In the summer of 2011, the man who wrote the classic Hollies song Bus Stop, finally got himself a bus pass of his own as Graham Gouldman reached the age of 65.
It’s well documented how the Beatles conquered America in 1964, but from some of the articles you read you’d think that the Beatles were the only British group to have major success at the time, but not so. The two biggest British groups who gave them a run for their money were both The Hollies and The Dave Clark 5 who had 27 hit singles each. The difference between them was that the Dave Clark 5 wrote the majority of their early hits and the Hollies did covers, especially in the early days. The song that gave The Hollies their first American top 10 hit was indeed Bus Stop and was written by the budding songwriter Graham Gouldman.
Graham was born in 1946 in Salford, Manchester, although when he was born it was under Lancashire, to a Jewish family and throughout 1963 and part of 1964 he had been a member of a myriad bands including The High Spots, The Planets and then the Whirlwinds. In early 1965 he formed another band which were called The Mockingbirds and featured Kevin Godley. The first Gouldman-penned song they recorded was called For Your Love. They’d signed a deal with Columbia records but the label didn’t like the song. It was then recorded by the Yardbirds and got them a number three hit. Their follow-up, Heart Full of Soul was also written by Gouldman and went one better by peaking at number two. He offered a song to the Hollies called Look Through Any Window which made number four. The next song he wrote was called Bus Stop.
Was it a real bus or stop that inspired the song? Graham explained, “I began writing it whilst riding on the No. 95 bus which ran from East Didsbury – the route went through Manchester city centre, to Sedgeley Park, Cheetham Hill, Prestwich, and on to Whitefield near Bury. We were supporting the Hollies at Stoke Town Hall, they’d already done Look Through Any Window, and they asked me if I had any songs. So I borrowed Tony Hicks’ guitar and went into the toilet with him and Graham Nash – this doesn’t sound very good does it?! – I played it and they said it was great. They recorded the following week and it was out three weeks later. There were no videos in those days to delay everything.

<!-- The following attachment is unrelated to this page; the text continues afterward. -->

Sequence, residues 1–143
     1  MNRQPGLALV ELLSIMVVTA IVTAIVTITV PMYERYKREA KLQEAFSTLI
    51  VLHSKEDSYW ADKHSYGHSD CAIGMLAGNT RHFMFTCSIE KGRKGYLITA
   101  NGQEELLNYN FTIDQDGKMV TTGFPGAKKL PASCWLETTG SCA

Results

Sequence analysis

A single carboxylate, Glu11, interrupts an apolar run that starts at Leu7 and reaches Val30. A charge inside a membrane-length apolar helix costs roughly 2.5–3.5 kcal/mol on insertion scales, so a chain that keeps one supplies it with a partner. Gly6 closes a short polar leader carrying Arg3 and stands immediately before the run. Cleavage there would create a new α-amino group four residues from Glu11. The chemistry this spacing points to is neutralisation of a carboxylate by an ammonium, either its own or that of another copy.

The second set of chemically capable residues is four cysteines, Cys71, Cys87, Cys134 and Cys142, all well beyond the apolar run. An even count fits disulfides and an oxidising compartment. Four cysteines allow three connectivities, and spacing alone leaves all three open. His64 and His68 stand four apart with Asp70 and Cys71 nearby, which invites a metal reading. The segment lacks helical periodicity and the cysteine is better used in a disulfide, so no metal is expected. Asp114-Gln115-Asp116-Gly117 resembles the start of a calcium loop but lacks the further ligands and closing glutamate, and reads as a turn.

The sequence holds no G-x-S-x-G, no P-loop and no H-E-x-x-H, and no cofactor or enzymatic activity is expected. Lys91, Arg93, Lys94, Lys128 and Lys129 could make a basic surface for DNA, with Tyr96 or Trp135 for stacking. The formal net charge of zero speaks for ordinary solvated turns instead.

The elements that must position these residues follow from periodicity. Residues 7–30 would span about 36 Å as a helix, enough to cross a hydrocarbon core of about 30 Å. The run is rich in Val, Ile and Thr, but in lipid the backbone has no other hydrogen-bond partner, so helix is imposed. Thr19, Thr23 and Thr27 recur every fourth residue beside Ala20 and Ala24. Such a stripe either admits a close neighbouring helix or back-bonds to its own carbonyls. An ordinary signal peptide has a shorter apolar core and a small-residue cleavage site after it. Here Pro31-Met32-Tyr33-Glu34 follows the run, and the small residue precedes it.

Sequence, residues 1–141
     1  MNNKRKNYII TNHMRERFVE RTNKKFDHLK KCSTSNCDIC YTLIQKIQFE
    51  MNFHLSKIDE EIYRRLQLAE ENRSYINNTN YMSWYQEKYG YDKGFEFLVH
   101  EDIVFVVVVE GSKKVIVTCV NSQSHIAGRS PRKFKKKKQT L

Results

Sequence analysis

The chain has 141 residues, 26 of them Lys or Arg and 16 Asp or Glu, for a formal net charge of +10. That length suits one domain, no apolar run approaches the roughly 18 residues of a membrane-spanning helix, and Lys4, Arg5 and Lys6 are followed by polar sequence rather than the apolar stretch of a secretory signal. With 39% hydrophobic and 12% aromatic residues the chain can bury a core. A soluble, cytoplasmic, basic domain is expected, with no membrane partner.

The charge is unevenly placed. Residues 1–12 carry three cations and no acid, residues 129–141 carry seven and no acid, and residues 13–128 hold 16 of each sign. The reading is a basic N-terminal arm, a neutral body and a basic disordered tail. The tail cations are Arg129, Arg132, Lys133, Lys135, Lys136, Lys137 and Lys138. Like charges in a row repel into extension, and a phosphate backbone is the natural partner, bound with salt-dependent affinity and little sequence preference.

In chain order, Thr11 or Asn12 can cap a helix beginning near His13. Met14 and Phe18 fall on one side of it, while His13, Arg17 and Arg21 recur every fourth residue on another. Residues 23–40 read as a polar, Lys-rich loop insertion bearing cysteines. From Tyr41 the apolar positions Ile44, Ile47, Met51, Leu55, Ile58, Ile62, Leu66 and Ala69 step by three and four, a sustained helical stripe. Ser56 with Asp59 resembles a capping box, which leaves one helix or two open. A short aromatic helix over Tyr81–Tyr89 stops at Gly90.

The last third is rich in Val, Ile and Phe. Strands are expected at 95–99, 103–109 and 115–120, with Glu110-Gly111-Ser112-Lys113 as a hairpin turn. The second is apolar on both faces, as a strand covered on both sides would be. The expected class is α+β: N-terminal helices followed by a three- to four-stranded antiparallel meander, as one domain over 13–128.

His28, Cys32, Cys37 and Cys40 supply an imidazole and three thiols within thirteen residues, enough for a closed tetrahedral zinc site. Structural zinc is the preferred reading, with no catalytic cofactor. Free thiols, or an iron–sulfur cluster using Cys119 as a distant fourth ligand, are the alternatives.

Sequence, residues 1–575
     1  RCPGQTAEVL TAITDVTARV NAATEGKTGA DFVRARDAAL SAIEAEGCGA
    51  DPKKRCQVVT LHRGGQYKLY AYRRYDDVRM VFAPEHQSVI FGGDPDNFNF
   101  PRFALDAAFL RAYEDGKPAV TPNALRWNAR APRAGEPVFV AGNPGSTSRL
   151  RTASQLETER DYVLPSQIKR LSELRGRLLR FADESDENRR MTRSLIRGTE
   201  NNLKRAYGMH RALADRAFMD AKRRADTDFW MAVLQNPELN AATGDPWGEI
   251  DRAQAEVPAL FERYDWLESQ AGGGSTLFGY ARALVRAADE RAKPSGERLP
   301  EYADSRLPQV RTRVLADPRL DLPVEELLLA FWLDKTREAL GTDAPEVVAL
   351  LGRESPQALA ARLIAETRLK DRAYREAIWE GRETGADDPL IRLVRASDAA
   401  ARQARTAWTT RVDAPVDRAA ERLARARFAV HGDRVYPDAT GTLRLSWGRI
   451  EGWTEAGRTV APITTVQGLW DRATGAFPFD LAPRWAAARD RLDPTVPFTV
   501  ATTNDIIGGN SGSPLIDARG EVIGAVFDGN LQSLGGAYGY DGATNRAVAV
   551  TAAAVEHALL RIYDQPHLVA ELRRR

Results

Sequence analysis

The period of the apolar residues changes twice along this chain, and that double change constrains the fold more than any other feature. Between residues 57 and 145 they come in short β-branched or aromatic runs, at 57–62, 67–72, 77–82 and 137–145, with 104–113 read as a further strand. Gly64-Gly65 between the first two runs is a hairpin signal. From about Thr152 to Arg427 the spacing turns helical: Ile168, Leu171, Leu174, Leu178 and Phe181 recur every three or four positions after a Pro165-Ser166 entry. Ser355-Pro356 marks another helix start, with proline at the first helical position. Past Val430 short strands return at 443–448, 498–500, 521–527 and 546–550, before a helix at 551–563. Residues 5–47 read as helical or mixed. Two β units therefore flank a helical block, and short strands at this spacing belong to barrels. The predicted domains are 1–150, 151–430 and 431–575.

Graham Nash of the Hollies recalled in an interview with Rolling Stone magazine, “I think Bus Stop has got to be my favourite because we recorded it in an hour and 15 minutes and it was a huge hit. We had a manager named Michael Cohen and he says ‘You know, I got this little Jewish kid who lives down the street, he said he’s a song writer. Would you come and see him?’ His name was Graham Gouldman, and later became a very famous man in his own act (10cc) but at this time he was only a 16 year old kid. So we go in and we go ‘Ok, so what do you have?’ He goes, ‘Well, I got this one…’ and we went ‘Okay, we’ll definitely take that one. What else have you got?’ It was a truly astounding thing to see this 16 year old kid who was a fabulous songwriter.”
Gouldman said, “The song’s middle eight was one of the few instances in my songwriting career when I had a sudden inspiration rather than having to resort to hard toil.” He explained more in a 2011 interview with Mojo magazine, “You have to be working to make something happen. Occasionally you can wait for some magic, like McCartney waking up with Yesterday already written in his mind, which does happen – it’s like a gift from your own subconscious. Or sometimes, it’s like a tap’s been turned on. When I’d written most of Bus Stop, I was actually on a bus thinking about how the middle eight should go. And this whole, ‘Every morning I would see her waiting at the stop / Sometimes she’d shop…’ that all came to me in one gush, and I couldn’t wait to get home to try it. When that sort of thing happens, it’s really amazing. But that’s rare. Mostly, you have to do the slog.”
In 1971 Gouldman, Godley and two new members, Lol Creme and Eric Stewart together formed 10cc, a name dreamed up by their then-manager Jonathan King, and bought their own studio which they called Strawberry. Initially there were a backing band for artists like Wayne Fontana, Herman’s Hermits and Neil Sedaka and then had a successful career notching up a dozen hits including three number one all having lead vocals by a different member of the band and Gouldman co-writing all three of them. In 1976 Godley and Creme left to continue as a duo and in-turn leaving Gouldman and Stewart as the 10cc duo.
10cc officially split in 1983 but have had sporadic reunions with varying members. In the winter of 2013 they went out on tour supporting Status Quo and the following year Graham was inducted into the Songwriters Hall of Fame at the 45th annual ceremony in New York.